Garrett joins field for sheriff’s race

  • Will Garrett
    Will Garrett
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Will Garrett says his experience has prepared him to serve as White County sheriff and take on the responsibilities of serving the community.

Garrett, 39, recently told the White County News he plans to qualify for the 2020 sheriff’s race as a Republican. He said he was raised in White County, where his family has roots.

“This is just my home,” Garrett said. “I want to make sure this is a safe community for [my kids] and that my grandkids are happy and can play and enjoy themselves without having fears.”

Garrett said he had two stints with the White County Sheriff’s Office, which covered about 12 years. He said he benefitted working under Sheriff Neal Walden, who will be retiring, and believes he is ready to take the lead on law enforcement.

“That’s some big shoes [to fill], and you’re going to have some broad shoulders to do that,” he said.

Garrett said he worked in the detention center and in patrol during his time at the WCSO and learned much from supervisors.

“It helped guide my career and helped me be a better deputy, a better supervisor,” he said. “I feel like it’s time to take a leap of faith and go for the job of sheriff.”

Garrett is a lieutenant with the Cleveland Fire Department. He drives a truck for Wilcorp, a company in Clarkesville, and works part-time for the Towns County Sheriff’s Office, where he handles out-of-state transports, courthouse duties and special events.

Garrett says his time working on the front lines of law enforcement have helped him develop how the agency would operate with him as sheriff. That includes maintaining transparency with constituents through a community policing approach.

“I think that if you don’t stay in contact with the community, they’re going to feel like they can’t trust you, they can’t depend on you,” he said.

“I want to make sure the community knows what’s going on within the walls of the sheriff’s office. It’s not necessarily lacking here, but there’s a lot of questions the community has, but sometimes they don’t get the answers they want.”

Garrett said along with sharing more information and staying in contact with concerned residents, another way to make people feel more connected to the WCSO would be to implement a citizen’s police academy.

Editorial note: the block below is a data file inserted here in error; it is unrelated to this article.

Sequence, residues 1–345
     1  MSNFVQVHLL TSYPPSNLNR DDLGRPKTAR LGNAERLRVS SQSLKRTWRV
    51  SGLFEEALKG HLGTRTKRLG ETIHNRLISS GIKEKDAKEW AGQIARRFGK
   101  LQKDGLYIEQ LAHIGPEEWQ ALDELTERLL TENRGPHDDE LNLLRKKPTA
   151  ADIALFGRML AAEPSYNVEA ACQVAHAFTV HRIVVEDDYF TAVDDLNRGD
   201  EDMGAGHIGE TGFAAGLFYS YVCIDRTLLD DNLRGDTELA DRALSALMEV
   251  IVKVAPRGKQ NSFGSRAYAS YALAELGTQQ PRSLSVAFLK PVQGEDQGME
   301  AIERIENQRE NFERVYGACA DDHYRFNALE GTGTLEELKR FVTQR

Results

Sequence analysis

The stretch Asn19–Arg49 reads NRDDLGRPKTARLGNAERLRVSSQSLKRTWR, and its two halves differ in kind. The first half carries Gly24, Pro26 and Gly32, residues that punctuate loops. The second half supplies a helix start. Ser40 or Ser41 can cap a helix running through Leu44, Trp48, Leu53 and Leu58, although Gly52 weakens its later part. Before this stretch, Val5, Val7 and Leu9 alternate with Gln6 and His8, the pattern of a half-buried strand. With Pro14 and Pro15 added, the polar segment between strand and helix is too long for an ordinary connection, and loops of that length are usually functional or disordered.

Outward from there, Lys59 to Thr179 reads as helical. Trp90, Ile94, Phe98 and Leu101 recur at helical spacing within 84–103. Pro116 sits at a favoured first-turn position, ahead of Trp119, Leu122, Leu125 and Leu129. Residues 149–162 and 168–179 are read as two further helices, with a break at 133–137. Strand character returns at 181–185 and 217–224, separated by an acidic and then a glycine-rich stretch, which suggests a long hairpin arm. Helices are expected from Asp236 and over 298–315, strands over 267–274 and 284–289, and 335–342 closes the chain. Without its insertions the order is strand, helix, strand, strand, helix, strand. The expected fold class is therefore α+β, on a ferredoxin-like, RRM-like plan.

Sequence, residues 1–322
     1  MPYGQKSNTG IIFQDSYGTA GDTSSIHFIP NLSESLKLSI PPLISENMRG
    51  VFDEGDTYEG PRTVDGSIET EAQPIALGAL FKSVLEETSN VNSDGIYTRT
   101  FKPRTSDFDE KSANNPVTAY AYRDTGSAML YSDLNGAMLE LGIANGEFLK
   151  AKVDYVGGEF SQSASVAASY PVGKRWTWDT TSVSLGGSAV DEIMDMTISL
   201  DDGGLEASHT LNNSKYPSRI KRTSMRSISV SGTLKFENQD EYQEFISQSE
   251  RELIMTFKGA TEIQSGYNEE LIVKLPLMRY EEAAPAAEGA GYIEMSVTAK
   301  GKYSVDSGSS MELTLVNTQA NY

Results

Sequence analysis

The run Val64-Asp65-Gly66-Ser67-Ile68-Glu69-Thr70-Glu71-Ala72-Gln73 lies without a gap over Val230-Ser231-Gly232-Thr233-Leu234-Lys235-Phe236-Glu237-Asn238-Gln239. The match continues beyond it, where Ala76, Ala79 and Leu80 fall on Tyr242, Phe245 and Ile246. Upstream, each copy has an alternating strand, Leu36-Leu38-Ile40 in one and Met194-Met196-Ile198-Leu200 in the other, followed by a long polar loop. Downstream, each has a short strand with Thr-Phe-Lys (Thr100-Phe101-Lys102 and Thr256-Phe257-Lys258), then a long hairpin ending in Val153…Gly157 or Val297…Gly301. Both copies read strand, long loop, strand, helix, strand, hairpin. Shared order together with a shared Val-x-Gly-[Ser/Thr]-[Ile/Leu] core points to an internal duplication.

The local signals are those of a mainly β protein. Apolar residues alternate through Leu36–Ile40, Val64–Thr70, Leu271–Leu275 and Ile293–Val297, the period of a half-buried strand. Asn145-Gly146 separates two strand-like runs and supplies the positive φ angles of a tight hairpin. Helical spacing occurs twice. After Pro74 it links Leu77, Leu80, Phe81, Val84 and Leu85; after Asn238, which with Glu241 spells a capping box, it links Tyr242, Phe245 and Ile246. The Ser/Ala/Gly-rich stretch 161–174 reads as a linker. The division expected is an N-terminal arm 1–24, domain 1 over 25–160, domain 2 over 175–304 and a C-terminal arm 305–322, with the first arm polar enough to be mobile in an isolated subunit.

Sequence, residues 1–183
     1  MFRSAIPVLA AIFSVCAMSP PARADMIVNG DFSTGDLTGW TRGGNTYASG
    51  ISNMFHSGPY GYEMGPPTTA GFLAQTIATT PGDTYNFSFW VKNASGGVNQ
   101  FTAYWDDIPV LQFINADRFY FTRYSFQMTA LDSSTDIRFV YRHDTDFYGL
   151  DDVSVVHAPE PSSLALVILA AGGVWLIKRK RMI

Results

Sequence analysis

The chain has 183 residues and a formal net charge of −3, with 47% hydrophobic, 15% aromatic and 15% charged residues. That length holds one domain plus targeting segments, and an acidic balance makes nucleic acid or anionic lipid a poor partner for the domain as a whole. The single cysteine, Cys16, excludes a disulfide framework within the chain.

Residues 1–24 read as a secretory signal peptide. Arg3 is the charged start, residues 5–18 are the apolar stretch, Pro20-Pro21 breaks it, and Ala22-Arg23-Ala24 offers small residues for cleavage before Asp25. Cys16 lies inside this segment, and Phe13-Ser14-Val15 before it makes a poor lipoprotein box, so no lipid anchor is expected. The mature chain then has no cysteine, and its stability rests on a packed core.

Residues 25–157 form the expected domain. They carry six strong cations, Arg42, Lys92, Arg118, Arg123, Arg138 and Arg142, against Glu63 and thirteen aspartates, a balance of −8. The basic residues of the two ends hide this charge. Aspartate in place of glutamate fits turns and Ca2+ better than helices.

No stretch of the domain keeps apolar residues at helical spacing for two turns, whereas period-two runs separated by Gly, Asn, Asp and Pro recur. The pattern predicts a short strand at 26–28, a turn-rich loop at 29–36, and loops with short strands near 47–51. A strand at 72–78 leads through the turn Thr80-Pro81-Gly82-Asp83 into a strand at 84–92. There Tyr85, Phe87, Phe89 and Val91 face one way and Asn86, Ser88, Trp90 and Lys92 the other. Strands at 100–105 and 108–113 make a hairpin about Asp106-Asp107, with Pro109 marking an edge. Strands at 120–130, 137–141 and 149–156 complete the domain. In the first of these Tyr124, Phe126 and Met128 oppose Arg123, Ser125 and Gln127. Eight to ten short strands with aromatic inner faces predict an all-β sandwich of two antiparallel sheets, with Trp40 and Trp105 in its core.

“I think that’s something that should have been going on in this community for a long time.”

Likewise, he said he would like to evaluate options to include more children in a junior deputies academy.

He also sees the local drug court as a beneficial program and wants to continue to work to help residents battling addiction.

Garrett said he will be active in the community as sheriff. That means aiding with patrol and at the jail and visiting with residents, as well as maintaining an open door policy.

“I’m not going to ask my folks to do anything that I’m not willing to do myself,” he said. “I want to be known as the people’s sheriff. I want folks to know you can get a hold of me.”

While the county’s population and service call volume continue to grow, Garrett said he would like for deputies to do more to stay in touch with complainants about their cases and any developments.

“I want to make sure we’re keeping in contact,” he said. “I think that’s just good business.”

If elected, Garrett said he could foresee some reorganization in the sheriff’s office, such as letting the patrol division work on being present around neighborhoods and speaking with residents about criminal activity concerns, while letting a traffic division focus on stopping violators on the road in the hope of ensuring voluntary compliance of the law.

Garrett said he would like to leave a lasting impact from running the sheriff’s office.

“You ought to be proud of it. It ought to be something that when you leave the sheriff’s office, you leave a legacy of a department that folks want to continue working hard for.”

 

For more information on local positions up for election in 2020, click here.